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Modern bathroom designs involve an elegant simplicity that creates a mood of comfort and ease.  There are five major bath trends today that seem to be dominating the desired design aesthetic:

1. Longer and wider cabinetry-helps to elongate a small bathroom

2. Environmentally conscious products- these may include energy efficient products,etc.

3. Accessibility systems:  organizational systems are vital and allow for efficient storage of items

4. Counter-tops of differing heights:  accommodates people and guests of all heights and sizes

5.  Multiple sinks: allows for multiple people to be in a bathroom area at once, completing different tasks

For more information please visit

Shutting off the lights and turning off the water are simple ways to save money and “go green.” But an increasing number of homeowners are taking it a step further. When Jon Langford built his Anglo Caribbean white stucco home in Davidson two years ago, he tried to incorporate technologies that would maintain comfortable temperatures as efficiently as possible.

Throughout the 5,700-square-foot home, “We installed good quality windows with overhangs to shade direct sun exposure,” says Langford. “We also have an automated climate system zoned into several areas. It adjusts the temperature at night or while we’re away and makes it easy to heat and cool just the parts of the house that we’re using.”

But the greatest impact to Langford’s energy bills came after he reinsulated his home. After interviewing three companies, he chose EnergyOne of the Carolinas, a spray foam insulation contractor located in Charlotte. Owner Stephen Davis explains why the option is so effective. “Spray foam creates an air barrier,constructing a complete sealed home envelope, so the HVAC system doesn’t have to work as hard…”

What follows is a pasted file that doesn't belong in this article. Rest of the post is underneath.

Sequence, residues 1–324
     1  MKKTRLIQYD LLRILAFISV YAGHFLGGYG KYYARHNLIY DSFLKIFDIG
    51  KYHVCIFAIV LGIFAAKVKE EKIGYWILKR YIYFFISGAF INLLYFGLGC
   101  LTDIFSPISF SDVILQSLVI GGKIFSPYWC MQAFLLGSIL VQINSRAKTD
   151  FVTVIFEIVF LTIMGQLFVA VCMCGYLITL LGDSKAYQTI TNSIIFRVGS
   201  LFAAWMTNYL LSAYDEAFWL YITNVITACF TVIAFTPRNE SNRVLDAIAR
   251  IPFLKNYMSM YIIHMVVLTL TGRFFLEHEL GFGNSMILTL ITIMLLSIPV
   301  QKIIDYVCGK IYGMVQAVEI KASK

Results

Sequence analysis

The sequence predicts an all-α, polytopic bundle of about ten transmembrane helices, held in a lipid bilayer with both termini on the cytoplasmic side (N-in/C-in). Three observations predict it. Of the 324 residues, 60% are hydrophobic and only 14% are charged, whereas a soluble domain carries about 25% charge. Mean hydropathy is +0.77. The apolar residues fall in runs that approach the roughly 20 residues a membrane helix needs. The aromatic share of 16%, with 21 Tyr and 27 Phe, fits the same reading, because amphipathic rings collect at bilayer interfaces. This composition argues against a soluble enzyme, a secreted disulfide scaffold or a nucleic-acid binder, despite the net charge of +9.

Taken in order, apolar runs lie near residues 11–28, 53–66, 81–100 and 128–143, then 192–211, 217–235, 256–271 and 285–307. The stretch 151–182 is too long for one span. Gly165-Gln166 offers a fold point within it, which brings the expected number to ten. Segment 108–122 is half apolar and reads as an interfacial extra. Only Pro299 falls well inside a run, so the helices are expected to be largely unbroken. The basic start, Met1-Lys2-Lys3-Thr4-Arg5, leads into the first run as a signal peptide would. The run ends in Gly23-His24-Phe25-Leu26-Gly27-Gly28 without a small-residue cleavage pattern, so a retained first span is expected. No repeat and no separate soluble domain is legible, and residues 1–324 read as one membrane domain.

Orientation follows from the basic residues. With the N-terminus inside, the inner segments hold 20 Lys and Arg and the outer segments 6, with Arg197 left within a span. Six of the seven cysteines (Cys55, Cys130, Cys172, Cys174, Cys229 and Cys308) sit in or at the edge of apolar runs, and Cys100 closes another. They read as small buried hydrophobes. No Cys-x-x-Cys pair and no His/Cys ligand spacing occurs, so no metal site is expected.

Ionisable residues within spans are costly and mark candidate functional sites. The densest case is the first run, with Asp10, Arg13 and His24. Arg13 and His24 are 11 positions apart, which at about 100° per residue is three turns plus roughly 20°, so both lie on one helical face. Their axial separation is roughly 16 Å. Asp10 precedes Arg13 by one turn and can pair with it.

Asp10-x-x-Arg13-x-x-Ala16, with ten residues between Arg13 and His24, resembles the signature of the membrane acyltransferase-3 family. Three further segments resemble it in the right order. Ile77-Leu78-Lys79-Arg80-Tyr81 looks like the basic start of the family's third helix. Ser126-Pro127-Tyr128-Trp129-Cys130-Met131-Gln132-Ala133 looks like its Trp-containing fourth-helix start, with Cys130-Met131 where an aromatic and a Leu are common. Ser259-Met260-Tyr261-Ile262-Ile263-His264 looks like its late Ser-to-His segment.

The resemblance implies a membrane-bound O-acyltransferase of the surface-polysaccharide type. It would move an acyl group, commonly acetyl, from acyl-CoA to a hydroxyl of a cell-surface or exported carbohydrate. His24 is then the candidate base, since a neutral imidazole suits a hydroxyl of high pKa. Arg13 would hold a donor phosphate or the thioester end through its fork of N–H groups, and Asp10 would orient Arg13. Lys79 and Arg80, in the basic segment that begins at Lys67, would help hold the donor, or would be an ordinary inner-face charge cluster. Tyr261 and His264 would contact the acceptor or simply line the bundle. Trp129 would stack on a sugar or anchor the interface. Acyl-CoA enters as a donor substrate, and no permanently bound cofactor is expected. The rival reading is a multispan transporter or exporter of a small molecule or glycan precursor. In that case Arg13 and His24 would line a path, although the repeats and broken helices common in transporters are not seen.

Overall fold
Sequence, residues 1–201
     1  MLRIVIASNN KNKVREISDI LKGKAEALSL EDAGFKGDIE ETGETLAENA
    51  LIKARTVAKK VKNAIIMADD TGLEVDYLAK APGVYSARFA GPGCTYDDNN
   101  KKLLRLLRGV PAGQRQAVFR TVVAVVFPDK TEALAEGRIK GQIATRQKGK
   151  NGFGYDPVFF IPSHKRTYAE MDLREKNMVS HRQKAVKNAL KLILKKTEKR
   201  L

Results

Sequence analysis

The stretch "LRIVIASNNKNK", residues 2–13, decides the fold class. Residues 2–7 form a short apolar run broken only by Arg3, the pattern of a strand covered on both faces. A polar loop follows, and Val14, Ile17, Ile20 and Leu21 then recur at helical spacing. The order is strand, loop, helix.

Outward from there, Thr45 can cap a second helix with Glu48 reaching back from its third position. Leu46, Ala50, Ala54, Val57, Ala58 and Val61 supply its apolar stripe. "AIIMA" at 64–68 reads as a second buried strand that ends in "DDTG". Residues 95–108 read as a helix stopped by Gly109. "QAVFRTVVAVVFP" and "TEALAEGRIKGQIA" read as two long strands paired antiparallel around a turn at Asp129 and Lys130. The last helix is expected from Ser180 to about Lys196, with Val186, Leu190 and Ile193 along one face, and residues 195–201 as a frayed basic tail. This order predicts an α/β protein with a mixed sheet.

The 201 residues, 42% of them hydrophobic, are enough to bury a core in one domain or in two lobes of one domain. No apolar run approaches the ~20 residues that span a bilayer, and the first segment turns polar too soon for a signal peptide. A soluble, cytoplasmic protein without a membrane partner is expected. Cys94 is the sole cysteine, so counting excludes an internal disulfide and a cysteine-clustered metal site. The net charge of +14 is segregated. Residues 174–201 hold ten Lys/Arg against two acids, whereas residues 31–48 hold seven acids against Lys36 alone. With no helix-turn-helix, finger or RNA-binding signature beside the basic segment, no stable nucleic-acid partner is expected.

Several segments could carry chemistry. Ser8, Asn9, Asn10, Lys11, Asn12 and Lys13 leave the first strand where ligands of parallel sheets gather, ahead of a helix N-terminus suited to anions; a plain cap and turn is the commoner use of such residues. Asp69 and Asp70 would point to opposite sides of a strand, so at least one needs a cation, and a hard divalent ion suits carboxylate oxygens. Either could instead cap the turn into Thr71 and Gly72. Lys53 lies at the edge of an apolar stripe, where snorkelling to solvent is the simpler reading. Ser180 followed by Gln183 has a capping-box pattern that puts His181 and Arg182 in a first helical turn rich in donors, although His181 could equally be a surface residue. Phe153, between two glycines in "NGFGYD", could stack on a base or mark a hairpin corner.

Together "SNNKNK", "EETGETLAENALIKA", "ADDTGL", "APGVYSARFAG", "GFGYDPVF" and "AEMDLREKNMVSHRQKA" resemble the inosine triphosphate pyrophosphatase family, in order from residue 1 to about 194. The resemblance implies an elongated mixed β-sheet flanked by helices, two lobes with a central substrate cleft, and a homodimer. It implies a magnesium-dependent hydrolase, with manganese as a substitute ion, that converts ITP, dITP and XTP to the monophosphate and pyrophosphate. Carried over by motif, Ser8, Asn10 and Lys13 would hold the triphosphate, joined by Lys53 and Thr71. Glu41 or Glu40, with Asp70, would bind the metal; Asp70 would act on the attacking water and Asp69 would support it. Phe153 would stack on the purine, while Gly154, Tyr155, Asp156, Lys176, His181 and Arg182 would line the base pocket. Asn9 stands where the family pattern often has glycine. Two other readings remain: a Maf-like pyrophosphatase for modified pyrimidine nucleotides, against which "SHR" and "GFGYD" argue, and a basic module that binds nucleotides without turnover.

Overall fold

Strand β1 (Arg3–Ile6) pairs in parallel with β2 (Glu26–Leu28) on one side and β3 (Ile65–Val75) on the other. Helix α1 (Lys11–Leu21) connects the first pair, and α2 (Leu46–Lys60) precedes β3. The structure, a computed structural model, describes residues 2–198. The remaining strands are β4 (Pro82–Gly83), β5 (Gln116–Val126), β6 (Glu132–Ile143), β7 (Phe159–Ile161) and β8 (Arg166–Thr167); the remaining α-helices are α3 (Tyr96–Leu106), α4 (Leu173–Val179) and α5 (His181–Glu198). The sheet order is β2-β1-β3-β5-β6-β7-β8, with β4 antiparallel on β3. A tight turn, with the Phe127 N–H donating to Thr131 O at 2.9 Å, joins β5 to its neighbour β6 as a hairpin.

Click here to view the entire article or visit Urban Home Magazine’s website to learn more about the EnergyOne of the Carolinas.

Call EnergyOne of the Carolinas at 704-504-5635, visit or stop by 1038 Culp Rd., Ste.
100 in Pineville.

Murphy beds sure aren’t what they used to be. See for yourself at Closet and Storage Concepts, well – that is if you can find them in their newly styled disguises. Today’s Murphy bed is virtually undetectable in entertainment-center designs surrounded by cabinets often taking up an entire wall.

By definition, a Murphy bed folds or swings into a cabinet or closet for concealment. These days, innovation has almost made you resist hiding them because when the bed is out, it’s a beautiful piece, and folded up, it’s even more striking.

Robert Coover, owner of Closet and Storage Concepts, offers these beds typically used in guest bedrooms for homeowners who are either downsizing or want to utilize the room as a den as well as a guest room by incorporating TVs, desks, and couches. “This makes sense for downtown condos, town homes, retirement communities, and places with restrictive square footage,” Robert says. “They are a lovely, efficient way for single-family homes to double up…”